Ladiser pleaded guilty to one count each of fourth-degree assault with sexual motivation and indecent exposure. Both are misdemeanors.
The plea was entered before King County Superior Court Judge Palmer Robinson, who scheduled sentencing for Sept. 3.
Under an agreement reached with King County prosecutors, Ladiser could receive suspended sentences and no jail time. However, the judge is not bound by the agreement.
The offenses carry up to a year in the county jail.
Ladiser entered a so-called Alford plea, meaning he was not admitting guilt but acknowledging a jury would likely convict him as charged.
Ladiser maintained he was too intoxicated to remember what happened.
"Mr. Ladiser has no independent recollection of the truth of what's in there," his defense attorney, Ralph Hurvitz, told the judge.
The woman , a building-industry lobbyist, accused Ladiser of exposing himself and rubbing his bare genitals against her during a June 2009 golf tournament in Redmond. Hosting the tournament was woman's employer, the Master Builders Association of King and Snohomish Counties. Ladiser was playing as a guest of the builders group.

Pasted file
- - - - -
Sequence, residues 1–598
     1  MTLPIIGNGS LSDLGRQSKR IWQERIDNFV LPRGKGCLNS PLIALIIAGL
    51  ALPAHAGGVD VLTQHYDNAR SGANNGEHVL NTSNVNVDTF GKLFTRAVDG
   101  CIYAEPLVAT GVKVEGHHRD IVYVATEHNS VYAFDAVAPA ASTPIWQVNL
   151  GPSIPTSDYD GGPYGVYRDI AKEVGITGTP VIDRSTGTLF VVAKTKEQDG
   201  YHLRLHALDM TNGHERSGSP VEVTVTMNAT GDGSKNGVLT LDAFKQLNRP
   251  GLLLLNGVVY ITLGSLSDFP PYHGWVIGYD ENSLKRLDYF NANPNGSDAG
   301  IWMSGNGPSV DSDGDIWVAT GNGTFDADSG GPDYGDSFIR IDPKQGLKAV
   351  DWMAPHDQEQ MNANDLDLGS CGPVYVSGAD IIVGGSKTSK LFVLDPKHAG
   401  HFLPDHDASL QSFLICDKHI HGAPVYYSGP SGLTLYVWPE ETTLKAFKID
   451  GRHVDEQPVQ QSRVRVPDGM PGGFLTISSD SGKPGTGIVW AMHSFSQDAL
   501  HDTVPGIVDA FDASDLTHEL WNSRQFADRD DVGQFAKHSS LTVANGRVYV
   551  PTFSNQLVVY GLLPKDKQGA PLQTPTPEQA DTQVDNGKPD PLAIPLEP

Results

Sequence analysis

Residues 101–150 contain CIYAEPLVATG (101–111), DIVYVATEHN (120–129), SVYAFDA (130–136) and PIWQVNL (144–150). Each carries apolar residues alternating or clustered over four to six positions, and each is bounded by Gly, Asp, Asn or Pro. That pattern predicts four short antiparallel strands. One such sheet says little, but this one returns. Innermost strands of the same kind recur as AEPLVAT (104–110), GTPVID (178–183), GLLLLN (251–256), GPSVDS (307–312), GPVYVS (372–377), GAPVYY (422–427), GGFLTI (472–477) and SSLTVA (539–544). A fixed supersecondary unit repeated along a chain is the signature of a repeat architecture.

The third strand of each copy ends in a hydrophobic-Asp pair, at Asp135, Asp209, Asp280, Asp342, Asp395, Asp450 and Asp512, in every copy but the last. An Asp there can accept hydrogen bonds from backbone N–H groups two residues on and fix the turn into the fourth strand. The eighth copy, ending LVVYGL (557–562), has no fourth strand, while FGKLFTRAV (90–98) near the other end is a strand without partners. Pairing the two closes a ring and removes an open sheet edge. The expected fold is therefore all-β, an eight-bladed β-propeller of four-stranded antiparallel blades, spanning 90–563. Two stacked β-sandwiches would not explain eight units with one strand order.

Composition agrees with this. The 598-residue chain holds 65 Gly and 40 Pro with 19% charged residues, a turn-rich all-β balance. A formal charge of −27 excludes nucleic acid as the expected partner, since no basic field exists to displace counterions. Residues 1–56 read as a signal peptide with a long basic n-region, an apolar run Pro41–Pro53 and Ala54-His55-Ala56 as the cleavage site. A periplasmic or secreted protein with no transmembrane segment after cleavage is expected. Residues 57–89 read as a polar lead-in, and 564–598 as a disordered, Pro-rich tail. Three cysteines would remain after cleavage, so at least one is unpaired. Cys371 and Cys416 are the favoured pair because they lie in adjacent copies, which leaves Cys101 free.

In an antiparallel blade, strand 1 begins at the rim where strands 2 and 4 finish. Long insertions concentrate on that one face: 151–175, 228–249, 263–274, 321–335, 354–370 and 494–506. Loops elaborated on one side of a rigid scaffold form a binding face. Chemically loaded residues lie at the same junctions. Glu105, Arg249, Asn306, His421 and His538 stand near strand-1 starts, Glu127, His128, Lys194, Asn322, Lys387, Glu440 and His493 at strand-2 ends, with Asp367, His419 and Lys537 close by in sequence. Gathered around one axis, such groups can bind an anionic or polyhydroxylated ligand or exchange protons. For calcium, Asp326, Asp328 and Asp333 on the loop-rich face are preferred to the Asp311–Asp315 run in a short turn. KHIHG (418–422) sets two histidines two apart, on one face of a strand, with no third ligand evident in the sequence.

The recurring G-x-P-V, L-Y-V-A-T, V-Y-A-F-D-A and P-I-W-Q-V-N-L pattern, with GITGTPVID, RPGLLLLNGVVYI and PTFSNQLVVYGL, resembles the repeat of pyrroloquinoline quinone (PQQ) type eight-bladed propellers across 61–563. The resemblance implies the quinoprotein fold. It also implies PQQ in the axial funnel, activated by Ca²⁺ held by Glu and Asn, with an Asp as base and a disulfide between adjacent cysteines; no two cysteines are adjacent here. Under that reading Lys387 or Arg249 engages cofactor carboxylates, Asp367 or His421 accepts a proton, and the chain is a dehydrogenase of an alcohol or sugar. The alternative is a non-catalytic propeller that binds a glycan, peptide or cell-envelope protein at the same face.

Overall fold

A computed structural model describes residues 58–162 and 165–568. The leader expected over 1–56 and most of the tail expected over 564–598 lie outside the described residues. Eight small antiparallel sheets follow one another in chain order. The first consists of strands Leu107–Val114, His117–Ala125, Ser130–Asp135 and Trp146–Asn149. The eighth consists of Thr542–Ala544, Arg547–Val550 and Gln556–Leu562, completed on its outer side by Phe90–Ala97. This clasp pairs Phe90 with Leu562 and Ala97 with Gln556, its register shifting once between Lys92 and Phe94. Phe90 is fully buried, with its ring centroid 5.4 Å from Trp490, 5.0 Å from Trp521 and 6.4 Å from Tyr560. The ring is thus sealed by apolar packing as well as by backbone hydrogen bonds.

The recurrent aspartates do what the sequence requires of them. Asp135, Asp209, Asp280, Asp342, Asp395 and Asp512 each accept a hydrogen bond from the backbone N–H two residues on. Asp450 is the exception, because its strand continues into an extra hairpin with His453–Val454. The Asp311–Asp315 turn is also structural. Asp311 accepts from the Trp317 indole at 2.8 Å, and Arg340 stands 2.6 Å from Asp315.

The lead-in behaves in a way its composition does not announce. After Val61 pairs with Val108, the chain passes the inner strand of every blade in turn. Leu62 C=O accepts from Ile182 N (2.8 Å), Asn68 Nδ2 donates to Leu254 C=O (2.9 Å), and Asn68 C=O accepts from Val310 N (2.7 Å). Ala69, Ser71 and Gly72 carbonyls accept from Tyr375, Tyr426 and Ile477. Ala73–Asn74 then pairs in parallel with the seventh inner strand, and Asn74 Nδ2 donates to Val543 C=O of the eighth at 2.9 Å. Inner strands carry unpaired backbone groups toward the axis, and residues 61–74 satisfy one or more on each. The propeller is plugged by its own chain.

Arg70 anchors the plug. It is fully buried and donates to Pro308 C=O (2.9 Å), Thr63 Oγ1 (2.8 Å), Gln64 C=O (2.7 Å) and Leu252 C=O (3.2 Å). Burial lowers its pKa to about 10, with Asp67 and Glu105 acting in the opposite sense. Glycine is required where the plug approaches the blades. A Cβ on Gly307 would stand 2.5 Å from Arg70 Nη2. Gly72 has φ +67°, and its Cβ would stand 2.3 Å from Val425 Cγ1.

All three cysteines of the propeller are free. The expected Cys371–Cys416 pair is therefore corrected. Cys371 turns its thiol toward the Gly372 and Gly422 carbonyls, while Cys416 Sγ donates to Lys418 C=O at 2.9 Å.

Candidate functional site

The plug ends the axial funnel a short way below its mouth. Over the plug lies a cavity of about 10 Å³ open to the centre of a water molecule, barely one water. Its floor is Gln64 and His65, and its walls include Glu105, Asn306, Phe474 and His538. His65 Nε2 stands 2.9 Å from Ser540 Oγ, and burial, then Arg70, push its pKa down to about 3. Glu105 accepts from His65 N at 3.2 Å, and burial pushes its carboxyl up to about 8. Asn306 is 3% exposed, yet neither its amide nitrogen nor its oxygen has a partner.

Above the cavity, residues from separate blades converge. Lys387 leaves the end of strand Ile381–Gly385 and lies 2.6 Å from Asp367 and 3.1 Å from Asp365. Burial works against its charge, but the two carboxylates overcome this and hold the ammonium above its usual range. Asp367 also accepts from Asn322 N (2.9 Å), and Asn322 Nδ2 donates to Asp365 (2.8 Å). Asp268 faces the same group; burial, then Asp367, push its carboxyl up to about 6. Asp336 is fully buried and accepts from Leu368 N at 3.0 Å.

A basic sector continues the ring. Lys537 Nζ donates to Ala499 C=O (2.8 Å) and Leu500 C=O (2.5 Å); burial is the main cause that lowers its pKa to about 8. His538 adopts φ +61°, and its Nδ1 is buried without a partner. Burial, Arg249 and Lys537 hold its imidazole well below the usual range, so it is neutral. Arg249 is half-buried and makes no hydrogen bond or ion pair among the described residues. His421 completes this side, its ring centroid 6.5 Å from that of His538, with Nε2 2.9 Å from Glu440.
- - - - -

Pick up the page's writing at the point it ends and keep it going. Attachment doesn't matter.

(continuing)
Snohomish County Executive Aaron Reardon fired Ladiser in August 2009 after conducting an investigation. King County authorities charged Ladiser in March.
The episode raised questions of propriety because of the appearance of a friendly relationship between the county planning department and the building industry.Public records showed that a top Master Builders' officer discouraged the woman from pursuing a complaint against Ladiser and tried to keep the planning director in his job.
The case increased scrutiny of complaints about sexual harassment involving staff Ladiser managed.
Afterward, the attorney in charge of investigating workplace harassment complaints for the county resigned. So did Reardon's former top deputy, Mark Soine.
Ladiser, 59, has since moved to Grandview in Eastern Washington. He's been seeking treatment for alcoholism, the court was told.
Under the plea agreement, King County prosecutors agreed to support suspending Ladiser's jail time, so long as he stays out of trouble for two years and keeps the court informed about his progress in treatment.
Noah Haglund: 425-339-3465, firstname.lastname@example.org.
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